rang reaches second shooting WC fil in four days

Baku, June 26: London Olympics bronze medallist Gagan rang reached his second World Cup fil in four days after finishing seventh in the men’s 50 metres Rifle Prone event at the fil Shooting World Cup (Rifle/Pistol/Shotgun) here on Sunday.

Gagan’s score of 621.1 in the qualifying round, which ebled him to become the seventh placed shooter out of eight to make it to the fil, was below his best, but enough to get him another World Cup fil match-up before Rio. The highest score registered in qualifying was 624.7.

Gagan started the fil on a positive note, shooting into the second place after the first series of three shots. He was in fourth place till the eighth shot but a 9.9 in his ninth meant despite a 10.4 in the 10th, Gagan had to bow out in seventh position.

The gold in the event went to Denmark’s Torben Grimmel, who picked up his third World Cup gold of the year in the event. Kenneth Parr of Germany won the silver and Petar Gorsa of Croatia won the bronze medal.

This is Gagan’s fifth fil event in the last two years and he has collected one medal from it, a bronze which he won in Fort Benning last year.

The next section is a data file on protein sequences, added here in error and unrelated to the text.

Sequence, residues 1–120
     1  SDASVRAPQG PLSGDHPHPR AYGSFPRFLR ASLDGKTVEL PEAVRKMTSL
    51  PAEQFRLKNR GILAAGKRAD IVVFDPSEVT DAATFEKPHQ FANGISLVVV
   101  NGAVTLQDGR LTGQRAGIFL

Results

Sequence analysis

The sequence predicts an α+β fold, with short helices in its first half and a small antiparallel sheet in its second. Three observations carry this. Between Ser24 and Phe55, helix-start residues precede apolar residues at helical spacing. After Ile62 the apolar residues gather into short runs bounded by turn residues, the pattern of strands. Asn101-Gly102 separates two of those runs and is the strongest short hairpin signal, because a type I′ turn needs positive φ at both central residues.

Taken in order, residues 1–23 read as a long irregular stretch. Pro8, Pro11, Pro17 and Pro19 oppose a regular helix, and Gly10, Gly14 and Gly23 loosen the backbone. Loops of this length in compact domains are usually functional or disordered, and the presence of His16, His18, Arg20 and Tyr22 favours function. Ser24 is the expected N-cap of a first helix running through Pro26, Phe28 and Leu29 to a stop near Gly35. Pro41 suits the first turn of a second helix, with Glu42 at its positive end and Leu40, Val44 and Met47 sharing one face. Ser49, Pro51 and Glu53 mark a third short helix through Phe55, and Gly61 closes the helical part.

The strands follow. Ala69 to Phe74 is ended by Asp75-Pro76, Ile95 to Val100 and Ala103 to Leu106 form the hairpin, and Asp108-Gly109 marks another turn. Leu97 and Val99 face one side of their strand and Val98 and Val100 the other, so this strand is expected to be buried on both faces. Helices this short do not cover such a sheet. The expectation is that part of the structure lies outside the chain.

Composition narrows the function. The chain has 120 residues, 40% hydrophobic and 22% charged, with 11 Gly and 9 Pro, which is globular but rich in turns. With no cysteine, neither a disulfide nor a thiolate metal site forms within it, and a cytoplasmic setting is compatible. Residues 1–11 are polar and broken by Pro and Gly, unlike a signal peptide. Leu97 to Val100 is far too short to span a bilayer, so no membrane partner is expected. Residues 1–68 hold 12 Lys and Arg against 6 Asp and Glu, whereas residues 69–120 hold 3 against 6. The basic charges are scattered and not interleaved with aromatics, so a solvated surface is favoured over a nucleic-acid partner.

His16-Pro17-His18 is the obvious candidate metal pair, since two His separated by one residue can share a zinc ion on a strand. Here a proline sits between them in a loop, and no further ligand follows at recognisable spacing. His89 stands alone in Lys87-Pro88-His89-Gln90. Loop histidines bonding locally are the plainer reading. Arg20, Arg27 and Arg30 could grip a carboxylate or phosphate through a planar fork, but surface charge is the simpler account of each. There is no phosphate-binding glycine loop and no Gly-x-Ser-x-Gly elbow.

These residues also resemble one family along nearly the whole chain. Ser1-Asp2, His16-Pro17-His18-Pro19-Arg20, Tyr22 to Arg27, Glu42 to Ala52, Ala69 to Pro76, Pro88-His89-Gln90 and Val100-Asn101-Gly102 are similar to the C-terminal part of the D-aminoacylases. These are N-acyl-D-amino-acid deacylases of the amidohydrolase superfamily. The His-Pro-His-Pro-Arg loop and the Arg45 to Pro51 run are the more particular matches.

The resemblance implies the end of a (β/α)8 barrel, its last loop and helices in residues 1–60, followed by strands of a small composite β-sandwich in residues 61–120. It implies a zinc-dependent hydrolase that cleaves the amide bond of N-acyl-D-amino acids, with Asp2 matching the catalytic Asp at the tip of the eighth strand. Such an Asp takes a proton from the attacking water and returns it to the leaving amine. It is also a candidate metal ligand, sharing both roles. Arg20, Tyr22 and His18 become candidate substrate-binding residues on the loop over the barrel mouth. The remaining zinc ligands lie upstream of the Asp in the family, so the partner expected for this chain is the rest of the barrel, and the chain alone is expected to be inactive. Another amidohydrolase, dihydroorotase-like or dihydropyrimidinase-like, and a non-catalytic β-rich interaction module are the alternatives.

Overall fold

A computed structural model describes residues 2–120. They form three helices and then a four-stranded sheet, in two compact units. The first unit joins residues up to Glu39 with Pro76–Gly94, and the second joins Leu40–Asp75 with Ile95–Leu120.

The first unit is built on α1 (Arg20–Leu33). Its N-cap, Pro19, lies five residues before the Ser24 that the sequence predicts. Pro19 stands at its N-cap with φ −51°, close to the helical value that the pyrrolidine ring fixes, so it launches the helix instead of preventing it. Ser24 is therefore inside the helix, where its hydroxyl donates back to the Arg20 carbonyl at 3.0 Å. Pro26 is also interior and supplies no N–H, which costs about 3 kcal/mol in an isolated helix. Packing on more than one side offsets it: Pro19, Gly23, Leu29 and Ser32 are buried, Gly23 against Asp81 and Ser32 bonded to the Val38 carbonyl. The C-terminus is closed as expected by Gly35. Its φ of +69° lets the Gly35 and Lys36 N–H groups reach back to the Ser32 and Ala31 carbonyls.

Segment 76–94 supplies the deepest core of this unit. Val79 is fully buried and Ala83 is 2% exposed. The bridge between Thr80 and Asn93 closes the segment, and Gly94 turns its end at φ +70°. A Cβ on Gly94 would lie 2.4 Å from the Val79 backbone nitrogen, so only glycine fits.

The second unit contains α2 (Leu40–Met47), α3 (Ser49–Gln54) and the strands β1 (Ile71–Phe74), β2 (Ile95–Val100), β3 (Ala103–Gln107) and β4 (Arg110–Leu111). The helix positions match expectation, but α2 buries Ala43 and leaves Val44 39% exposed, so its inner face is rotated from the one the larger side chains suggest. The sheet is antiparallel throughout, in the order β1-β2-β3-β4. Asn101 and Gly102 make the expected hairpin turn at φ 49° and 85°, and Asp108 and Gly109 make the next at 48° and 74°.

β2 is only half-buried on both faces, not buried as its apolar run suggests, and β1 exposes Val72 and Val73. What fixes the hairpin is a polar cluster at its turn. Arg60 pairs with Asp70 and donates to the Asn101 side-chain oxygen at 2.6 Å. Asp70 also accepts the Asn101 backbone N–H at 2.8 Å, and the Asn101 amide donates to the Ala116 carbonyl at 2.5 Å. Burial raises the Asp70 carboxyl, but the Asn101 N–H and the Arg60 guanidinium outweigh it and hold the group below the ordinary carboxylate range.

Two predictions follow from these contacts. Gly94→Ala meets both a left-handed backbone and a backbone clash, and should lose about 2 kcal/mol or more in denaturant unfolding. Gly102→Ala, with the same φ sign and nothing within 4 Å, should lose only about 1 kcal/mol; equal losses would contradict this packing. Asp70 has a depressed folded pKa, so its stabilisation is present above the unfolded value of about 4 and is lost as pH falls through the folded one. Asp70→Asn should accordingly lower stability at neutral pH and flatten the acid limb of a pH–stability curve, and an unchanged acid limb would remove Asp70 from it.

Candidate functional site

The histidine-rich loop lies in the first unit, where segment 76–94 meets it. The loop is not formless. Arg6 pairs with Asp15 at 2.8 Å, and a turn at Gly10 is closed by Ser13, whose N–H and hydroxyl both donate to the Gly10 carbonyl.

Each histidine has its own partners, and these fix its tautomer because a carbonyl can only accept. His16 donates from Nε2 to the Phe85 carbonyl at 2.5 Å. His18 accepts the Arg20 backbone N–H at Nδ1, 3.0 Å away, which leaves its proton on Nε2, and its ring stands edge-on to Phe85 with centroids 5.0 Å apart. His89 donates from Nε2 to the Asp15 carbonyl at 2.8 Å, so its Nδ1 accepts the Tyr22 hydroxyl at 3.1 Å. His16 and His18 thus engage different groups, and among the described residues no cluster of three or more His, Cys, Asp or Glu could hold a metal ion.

He had also reached the fils of the event in the Grada World Championships in 2014. On Thursday, Gagan also reached the fil of the Men’s 10m Air Rifle event and ended sixth — an event in which he had won the Olympic bronze.

These are ominous signs from one of India’s most decorated shooters, coming as it is just 40 days before the Rio Olympics.

Sanjeev Rajput, the second Indian in the Men’s 50m Prone, finished 14th with an overall qualifying score of 617.6.

In the day’s other medal event, India’s Gurpreet Singh shot a score of 569 in the qualifying round of the Men’s 25m Rapid Fire Pistol to end in 26th spot.

Indian shooters have reached six fils in the Baku World Cup so far, with Jitu Rai giving India its only medal so far in the Men’s 10m Air Pistol on Saturday.

Two more competition days are left in the tourment with four sets of medals yet to be decided in them. IANS